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Top 50 All-Time Greatest Jays: #21 Devon White

Devon Markes White|CF|1991-1995

Devon_medium

Notable Achievements as a Jay: All-Star 1993, Gold Glove 1991-1995

Devon White (nicknamed Devo) was born December 29, 1963 in Kingston, Jamaica. It is battle between him and Chilli Davis for the best player ever born in Kingston. He was drafted in the 6th round of the 1981 amateur draft out of Park West High School in Manhattan. He made it up to the Angels for a cup of coffee in 1985 and 1986 but his first full season in the majors was 1987 and he came in 5th in Rookie of the Year voting. He hit 24 home runs as a rookie the most he would ever hit in the majors and he had 87 RBI, also a career high.

On December 2, 1990 the Angels traded White, Willie Fraser and Marcus Moore to the Jays for Junior Felix, Luis Sojo and Ken Rivers. We can count that trade as a win for the Jays; Felix was three years younger than White but never reached his potential with the Angels. Jay manager Cito Gaston installed White in center field and the leadoff spot for us, where he stayed until we acquired Ricky Henderson in August of 1993, and then Cito moved him to the number 2 spot in the order. The next year he was back in the leadoff spot where he stayed till he left the team in 1996.

So to start the 1991 season Cito took a guy whose best on base percentage in a season to that point had been .306 and put him in as the everyday leadoff despite the team trading for Roberto Alomar who would have been a terrific leadoff hitter. But Cito felt it was important to show faith in Devon and maybe it worked, White had likely the best season of his career hitting .282/.342/.455. I guess it is worth noting that his OBP was just .001 better than Marcum Scutaro's last season, and Marco wasn't anyone idea of a great leadoff hitter.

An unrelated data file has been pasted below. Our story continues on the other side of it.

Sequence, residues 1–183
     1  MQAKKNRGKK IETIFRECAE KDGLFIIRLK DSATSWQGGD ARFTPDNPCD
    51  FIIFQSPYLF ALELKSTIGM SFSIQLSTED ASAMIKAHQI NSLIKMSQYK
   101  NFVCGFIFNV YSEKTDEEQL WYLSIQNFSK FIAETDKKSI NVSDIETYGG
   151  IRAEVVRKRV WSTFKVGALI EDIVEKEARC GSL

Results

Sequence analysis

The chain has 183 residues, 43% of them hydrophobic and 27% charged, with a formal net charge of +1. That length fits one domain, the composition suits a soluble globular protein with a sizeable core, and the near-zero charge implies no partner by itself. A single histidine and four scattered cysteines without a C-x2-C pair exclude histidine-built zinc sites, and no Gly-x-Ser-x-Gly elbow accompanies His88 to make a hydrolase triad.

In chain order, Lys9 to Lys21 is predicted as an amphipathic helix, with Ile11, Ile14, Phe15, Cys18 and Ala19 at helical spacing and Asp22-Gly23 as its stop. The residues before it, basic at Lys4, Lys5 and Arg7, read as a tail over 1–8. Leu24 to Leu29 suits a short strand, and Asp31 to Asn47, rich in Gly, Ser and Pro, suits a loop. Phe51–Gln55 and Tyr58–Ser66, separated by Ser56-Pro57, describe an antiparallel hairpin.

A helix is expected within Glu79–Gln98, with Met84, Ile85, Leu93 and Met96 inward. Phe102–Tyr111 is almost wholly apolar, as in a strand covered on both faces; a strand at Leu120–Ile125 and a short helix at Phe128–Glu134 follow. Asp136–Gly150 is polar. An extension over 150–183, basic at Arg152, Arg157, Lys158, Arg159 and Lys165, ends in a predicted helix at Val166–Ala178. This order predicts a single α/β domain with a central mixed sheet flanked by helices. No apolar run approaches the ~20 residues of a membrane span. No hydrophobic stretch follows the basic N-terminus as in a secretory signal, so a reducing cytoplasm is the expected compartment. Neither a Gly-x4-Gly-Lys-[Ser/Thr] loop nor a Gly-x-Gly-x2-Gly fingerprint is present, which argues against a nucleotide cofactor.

He also hit 40 doubles, 10 triples and 17 home runs, stole 33 bases and scored 110 runs (4th in the league). He received some votes for MVP finishing 16th in the voting. He may have gotten ripped off in that vote. Cecil Fielder was the MVP, but compared to White he did precisely one thing better than White, hit home runs, 44. White had 17 homers, which is a huge edge to fielder, 27 home runs. But White had 15 more doubles, 10 more triples, 33 more steals and a 21 point edge in batting average. Add in how much better he was defensively, a terrific defensive CF compared to a poor 1B. I'm not really saying White should have been MVP, because there were others between Fielder and White in the voting. But White was better than Fielder. And he hit terrific in our 5 game ALCS loss to Twins hitting .354/.427/.409 with 3 stolen bases.

During our first World Series winning season, 1992, Devon didn't hit near as well, batting .248/.303/.390. He still scored 98 runs, a testament to the great offense we had. He did still hit 17 home runs and stole 37 bases. But he turned he on the bat during our ALCS win over Oakland batting .348/.448/.435 though he was caught stealing 4 times. He didn't hit as well in our World Series win against Atlanta, but he made the catch that will be remembered forever.